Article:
When I give new beekeepers advice, I always recommend starting two hives if they are able. I’m really glad I followed my own advice this year because one hive is doing really well and the jury is still out on the other.
I installed both hives the afternoon of May 9th, 2020. I checked both hives on Thursday May 14th to see if the queens had been released. In one hive, the queen who will henceforth be named Queen Quarantine, was released and I refilled the feeder.
The second hive the queen had not be released and was dead in the cage.
I was able to get a new Queen the following Monday the 18th and got her installed. I’m going to call her Queen Calamity.
I checked both hives on Saturday May 23rd. I found Queen Quarantine and six out of the eight frames were drawn out with comb and eggs and larvae were present. They had also drained the feeder. Since a good majority of the frames were drawn out and Austin is also on a nectar flow, I added another 8 frames to the hive and refilled the feeder.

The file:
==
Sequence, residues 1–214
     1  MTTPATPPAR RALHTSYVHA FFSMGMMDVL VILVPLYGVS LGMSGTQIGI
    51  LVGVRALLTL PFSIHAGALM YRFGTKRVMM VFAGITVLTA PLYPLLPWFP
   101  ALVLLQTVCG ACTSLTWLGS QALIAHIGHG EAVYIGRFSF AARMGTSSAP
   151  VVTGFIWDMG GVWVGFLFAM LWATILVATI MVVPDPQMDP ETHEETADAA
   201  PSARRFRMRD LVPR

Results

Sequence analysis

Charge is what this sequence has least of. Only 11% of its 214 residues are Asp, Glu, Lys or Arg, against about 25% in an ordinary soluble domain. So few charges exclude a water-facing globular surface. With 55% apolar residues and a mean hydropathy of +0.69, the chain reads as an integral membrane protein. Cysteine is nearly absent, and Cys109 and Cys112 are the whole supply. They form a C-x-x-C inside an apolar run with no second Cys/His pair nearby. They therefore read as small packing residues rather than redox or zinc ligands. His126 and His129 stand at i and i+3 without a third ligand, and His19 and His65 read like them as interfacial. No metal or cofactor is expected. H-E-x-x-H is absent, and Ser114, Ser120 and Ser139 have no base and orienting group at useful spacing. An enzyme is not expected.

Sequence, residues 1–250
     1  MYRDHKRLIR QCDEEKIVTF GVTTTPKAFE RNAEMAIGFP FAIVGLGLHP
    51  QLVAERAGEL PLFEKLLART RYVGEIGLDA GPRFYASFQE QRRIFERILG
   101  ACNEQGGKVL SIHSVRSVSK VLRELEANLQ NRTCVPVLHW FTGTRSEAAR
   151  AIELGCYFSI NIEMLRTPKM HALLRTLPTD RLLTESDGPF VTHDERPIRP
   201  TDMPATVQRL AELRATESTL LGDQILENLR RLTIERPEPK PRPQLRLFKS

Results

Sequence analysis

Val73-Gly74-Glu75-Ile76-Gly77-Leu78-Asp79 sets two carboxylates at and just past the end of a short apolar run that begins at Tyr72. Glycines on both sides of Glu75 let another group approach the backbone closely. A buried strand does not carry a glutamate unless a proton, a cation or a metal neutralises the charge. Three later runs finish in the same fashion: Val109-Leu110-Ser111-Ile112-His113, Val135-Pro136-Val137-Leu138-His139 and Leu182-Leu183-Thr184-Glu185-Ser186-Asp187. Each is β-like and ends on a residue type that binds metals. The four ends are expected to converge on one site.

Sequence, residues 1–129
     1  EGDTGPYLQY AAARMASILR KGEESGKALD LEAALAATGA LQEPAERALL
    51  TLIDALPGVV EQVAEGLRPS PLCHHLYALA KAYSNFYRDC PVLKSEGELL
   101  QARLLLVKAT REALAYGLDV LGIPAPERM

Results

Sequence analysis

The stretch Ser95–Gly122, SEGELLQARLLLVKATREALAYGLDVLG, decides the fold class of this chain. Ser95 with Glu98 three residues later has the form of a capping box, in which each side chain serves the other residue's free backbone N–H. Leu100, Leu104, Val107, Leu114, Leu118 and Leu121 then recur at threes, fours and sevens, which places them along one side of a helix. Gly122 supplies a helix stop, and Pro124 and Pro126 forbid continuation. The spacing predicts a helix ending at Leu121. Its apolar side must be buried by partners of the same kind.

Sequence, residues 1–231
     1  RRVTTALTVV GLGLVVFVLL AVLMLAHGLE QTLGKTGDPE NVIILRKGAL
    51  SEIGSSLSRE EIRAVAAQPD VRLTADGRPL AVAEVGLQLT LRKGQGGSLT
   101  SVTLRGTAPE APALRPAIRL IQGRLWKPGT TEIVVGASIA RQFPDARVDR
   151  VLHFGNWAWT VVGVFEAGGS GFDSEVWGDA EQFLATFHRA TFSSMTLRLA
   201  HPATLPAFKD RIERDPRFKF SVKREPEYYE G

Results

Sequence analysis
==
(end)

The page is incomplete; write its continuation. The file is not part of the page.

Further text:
Queen Calamity’s hive is limping along. The good news is she was released and I found her in the hive. They had not drawn out a lot of comb probably due to being queenless for extended period of time. I did see eggs and some very young larvae which is consistent with a queen only being in the hive a short time. I also saw a few cells that had multiple eggs which is a sign of laying workers. Typically it is hard to come back once you get into a laying worker situation, but I’m going to give it a few days to give the new queen a chance. I also had emptied the feed and refilled since it had been in there for an extended time and I didn’t want it to start fermenting.
Next week’s inspection will be important. If Calamity’s hive is still lacking drawn comb and brood, I will most likely need to bite the bullet and combine with Quarantine to cut my losses. If it looks like she is turning it around, we will give her a chance and perhaps I will supplement with a frame from Quarantine to jump start brood production.